District has a difficult choice ahead
For more than 80 years, the Nevada Irrigation District has worked hard to supply reliable, high-quality water to the homes, businesses, schools and farms found on the 289,000 acres of land within the district’s boundaries.
During this time, the district has often had to balance the needs of a wide variety of stakeholders as it has made the tough decisions necessary to continue serving a growing customer base.
We are again facing that situation today.
The Lower Cascade Canal, a structure built more than 120 years ago to transmit water, needs to be modernized. Due to the encroachment of houses along the canal and increasing federal water quality standards, an alignment study determined that it would be best to transmit water through a pipeline.
Several possible routes for a new water pipeline have been identified. Each option affects the community in different ways.
One route would rely on gravity to move water through the pipeline. This would ensure a reliable water source delivered efficiently at the least possible cost, and is considered most technologically feasible. However, this option would greatly impact a number of property owners along the pipeline’s route.Another route would require that pumps be installed to carry water through the pipeline. This option may result in fewer short-term effects to property owners along this route, but it could produce longer-term effects to customers in the form of increased energy use and water rates. Those potential effects to the environment have yet to be determined through the environmental impact assessment process.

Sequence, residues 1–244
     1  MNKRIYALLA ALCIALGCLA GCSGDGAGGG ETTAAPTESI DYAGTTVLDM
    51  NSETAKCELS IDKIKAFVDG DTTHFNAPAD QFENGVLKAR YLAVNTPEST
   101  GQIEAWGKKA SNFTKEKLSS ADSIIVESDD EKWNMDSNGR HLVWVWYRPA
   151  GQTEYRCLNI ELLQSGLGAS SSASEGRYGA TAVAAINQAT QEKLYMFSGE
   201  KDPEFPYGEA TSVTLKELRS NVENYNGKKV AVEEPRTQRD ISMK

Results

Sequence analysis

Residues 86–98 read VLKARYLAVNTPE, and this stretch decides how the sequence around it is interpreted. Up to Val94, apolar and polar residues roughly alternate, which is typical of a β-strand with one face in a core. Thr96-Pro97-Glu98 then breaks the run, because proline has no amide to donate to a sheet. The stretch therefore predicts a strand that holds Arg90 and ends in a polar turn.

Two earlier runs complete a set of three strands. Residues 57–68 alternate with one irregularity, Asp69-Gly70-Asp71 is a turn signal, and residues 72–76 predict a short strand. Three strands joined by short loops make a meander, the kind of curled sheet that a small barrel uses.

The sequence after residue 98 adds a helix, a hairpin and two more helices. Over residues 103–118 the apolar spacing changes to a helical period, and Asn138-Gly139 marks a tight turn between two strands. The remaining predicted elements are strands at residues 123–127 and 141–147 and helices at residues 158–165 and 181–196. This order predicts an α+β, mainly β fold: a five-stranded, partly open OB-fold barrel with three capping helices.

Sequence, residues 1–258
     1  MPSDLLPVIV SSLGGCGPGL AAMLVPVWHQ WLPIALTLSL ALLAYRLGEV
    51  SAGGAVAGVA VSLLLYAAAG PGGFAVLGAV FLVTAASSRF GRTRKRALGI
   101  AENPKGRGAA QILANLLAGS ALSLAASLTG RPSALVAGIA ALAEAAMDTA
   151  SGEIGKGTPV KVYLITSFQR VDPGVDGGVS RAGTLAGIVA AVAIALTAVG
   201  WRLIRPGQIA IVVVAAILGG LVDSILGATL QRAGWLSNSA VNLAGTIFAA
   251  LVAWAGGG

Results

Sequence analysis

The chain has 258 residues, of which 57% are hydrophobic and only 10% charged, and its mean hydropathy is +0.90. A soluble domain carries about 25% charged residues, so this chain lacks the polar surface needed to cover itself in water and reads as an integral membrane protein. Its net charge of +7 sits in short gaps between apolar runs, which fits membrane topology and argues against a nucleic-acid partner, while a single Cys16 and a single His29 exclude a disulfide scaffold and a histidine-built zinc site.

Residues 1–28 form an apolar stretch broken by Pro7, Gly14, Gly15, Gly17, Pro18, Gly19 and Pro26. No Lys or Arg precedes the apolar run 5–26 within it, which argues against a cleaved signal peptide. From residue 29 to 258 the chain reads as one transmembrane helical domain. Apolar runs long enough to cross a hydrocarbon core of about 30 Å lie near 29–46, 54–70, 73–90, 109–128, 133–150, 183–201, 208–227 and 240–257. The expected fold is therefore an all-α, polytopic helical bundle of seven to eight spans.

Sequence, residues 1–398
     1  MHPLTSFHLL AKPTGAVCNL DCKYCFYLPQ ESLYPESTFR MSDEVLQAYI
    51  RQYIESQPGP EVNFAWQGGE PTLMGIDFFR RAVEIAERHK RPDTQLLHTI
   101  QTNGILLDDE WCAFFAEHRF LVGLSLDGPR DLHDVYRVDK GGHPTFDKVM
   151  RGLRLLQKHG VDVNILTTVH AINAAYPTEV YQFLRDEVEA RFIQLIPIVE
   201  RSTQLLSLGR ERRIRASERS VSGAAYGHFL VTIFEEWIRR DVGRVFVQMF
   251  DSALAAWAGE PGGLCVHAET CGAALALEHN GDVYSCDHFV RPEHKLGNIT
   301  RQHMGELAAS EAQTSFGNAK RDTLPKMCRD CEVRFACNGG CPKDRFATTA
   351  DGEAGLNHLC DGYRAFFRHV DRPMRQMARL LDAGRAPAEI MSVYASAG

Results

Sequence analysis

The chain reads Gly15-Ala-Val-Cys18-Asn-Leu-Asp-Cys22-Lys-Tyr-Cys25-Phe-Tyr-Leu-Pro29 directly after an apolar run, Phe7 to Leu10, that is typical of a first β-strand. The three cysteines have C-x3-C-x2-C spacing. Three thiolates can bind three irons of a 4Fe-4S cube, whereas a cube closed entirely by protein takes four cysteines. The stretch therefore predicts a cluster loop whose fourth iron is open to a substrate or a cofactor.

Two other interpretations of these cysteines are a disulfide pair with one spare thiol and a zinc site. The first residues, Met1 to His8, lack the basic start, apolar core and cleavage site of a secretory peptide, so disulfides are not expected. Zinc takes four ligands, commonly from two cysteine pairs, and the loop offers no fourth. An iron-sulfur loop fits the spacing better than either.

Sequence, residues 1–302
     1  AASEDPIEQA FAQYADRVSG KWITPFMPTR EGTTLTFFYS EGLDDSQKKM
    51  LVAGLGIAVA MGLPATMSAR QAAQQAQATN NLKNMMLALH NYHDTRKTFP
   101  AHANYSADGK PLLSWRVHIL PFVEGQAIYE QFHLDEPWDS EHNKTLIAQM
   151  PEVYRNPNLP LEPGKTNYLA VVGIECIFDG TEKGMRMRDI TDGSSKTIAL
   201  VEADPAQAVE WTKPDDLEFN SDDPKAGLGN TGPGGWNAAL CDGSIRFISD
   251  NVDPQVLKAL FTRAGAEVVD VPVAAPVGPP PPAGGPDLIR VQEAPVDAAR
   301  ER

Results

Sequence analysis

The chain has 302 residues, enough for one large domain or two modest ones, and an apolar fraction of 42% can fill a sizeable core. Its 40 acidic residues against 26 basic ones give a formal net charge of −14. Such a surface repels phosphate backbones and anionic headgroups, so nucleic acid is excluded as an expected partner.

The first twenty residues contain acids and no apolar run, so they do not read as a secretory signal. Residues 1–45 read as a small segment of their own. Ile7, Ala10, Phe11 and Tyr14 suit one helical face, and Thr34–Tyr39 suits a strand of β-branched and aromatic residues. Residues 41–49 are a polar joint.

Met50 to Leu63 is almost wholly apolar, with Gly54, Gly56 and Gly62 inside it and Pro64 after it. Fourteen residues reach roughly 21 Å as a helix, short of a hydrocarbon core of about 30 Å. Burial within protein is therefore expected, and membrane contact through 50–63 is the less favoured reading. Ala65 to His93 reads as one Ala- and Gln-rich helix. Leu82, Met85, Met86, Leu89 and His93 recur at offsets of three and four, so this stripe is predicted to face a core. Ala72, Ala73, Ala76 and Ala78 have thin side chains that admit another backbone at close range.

Community members have questioned the need for this project. If we choose not to modernize the canal and maintain the status quo, then others, including several hundred landowners who are seeking water for fire suppression, will not have the necessary water resources to live in and enjoy our community. These individuals live within district boundaries and are entitled to a share of the water supplies available through the Upper Cascade Canal.
In addition, NID, as a water provider, would also not be fulfilling its statutory obligation to provide water, as governed by California’s Water Code.
These impacts are not taken lightly by the NID staff, board of directors and consultants. For this reason, we have worked hard over the past year to involved the community in all key decisions about the pipeline and the canal. We appreciate the efforts of everyone who has participated in our advisory committee, various subcommittees and have come to our public workshops and demonstrated their dedication to making our community a great place to live and work.
Ultimately, however, the Nevada Irrigation District will need to weigh all impacts and make a difficult decision about the pipeline’s path and the future of the Lower Cascade Canal. We anticipate choosing the option that provides the greatest good for the largest number of people, following an example set by the district’s earliest pioneers.
Jim Chatigny is general manager of Nevada Irrigation District.
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